The ski is an important component of any snowmobile and has a critical function in the handling and performance of the sled. Manufacturers are constantly tweaking the ski design in an effort to find something that looks great and performs well in all snow conditions.
The test staff at SnoWest spent a little extra time examining all four snowmobile manufacturer skis last winter during its evaluations of the 2014 snowmobile models. We certainly have our opinions on which skis work well and which ones fall short. Here’s what we found out when we took the time to measure each ski to see how it matches up with the competition.
The distances (other than the width) were measured from the tip of the ski bottom (not the tip of the loop).
Arctic Cat—The “Mountain 6” ski is the narrowest width of all manufacturers’ OEM skis offered. The ski bottom is of a convex design that tends to work well in the trees. The ski lacks an aggressive edge on the bottom, allowing it to wash a little in corners. It offers boot traction on top of ski and a creative ski loop design that offers a decent single-hand pull grip in with the ski loop … but not a lot of room for a second helping hand.
Polaris—The “Gripper” ski continues to lead the way in OEM performance. This is a design that we have felt offers the best of all worlds—floating through the snow, carving sidehills and holding its own like down the trail. The ski bottom has a flat design but with an aggressive keel. It offers boot traction on top of ski and a descent single-hand pull grip in with the ski loop.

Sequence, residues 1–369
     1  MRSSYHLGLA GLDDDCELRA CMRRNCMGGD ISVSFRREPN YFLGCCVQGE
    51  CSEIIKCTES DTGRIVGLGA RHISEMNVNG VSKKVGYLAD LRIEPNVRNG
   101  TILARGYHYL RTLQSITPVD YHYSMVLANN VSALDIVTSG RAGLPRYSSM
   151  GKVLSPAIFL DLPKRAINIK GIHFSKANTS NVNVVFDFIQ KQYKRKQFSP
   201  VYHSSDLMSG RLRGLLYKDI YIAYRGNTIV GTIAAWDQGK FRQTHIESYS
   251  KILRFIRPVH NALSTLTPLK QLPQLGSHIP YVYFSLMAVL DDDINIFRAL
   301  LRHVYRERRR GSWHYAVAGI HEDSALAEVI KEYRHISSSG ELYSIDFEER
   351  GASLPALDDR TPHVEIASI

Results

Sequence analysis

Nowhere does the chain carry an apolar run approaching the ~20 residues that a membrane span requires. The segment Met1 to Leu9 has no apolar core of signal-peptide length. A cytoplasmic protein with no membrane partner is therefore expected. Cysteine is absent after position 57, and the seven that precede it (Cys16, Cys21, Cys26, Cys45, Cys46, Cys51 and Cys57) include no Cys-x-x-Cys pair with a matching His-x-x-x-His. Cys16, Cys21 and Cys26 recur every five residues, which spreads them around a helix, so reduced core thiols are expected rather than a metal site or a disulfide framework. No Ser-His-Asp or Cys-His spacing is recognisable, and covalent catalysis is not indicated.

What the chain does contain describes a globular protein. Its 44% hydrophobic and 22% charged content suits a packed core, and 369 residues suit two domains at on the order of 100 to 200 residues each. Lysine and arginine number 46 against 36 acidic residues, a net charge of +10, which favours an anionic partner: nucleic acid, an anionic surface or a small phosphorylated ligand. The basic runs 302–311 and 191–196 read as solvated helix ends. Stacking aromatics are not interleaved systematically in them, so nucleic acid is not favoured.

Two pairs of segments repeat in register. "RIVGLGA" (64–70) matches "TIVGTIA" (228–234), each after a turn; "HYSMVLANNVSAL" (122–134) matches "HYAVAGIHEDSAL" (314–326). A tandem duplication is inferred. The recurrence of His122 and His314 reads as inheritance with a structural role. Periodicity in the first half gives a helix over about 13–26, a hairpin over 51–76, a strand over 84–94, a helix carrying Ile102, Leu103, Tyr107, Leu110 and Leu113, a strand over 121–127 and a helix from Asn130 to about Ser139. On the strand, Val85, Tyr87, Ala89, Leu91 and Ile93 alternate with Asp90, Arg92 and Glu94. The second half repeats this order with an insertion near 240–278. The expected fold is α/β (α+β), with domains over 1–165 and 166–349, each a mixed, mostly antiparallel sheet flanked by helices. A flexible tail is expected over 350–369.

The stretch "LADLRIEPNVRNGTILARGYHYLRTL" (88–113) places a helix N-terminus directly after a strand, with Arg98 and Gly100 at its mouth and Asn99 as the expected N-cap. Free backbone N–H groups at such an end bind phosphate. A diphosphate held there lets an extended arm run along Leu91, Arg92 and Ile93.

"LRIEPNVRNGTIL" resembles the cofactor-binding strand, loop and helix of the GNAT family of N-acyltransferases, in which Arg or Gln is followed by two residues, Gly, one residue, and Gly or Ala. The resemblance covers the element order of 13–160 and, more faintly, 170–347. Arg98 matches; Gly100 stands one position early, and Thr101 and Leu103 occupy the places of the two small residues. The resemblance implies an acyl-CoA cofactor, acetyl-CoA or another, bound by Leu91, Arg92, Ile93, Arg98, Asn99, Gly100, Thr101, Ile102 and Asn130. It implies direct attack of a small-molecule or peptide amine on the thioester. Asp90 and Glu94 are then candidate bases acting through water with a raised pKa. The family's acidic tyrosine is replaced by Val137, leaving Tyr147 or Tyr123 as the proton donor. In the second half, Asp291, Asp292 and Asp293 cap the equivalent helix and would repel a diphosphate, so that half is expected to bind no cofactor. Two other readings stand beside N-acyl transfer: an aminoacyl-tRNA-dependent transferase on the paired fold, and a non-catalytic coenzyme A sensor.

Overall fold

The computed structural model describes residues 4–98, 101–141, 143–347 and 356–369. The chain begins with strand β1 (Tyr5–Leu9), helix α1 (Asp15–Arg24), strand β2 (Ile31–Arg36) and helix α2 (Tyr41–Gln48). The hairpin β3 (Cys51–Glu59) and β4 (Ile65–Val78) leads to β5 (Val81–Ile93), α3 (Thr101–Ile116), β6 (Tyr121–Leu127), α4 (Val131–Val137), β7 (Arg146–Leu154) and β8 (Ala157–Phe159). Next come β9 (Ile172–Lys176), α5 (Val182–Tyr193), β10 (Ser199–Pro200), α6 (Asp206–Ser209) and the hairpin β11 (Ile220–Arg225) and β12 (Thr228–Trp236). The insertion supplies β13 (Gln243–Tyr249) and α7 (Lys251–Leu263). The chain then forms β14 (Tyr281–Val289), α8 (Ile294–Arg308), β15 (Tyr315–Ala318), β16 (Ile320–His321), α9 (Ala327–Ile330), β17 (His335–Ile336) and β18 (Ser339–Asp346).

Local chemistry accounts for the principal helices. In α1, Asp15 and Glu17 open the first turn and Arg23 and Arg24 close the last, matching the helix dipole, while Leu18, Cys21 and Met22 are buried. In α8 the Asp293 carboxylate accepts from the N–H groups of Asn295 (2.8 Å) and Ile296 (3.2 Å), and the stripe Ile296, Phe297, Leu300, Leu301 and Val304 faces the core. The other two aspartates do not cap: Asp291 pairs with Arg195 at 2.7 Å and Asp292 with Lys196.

Ski–Doo—The “Pilot DS-2” ski offers good all-around performance. It has the shortest keel length, but is one of the deepest keels which provide an aggressive feel. It also features a flat design bottom. It offers boot traction on top of ski and a descent single-hand pull grip in with the ski loop.
Yamaha—This mountain ski has a design that features not only the longest keel length of the bunch, but also rolled edges which provide multiple edges for handling and performance. The smooth top surface offers no boot traction. The ski loop creates some finger overlap which causes some pinching with a single-hand pull grip.